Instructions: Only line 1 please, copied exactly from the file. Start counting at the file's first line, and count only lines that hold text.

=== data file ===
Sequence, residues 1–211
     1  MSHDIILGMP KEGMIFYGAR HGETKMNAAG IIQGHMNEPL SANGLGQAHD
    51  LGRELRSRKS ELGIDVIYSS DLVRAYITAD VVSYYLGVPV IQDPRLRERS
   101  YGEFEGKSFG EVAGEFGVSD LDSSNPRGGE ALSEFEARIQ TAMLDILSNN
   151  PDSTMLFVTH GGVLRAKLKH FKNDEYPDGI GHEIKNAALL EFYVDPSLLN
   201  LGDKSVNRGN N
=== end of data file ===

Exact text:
Sequence, residues 1–211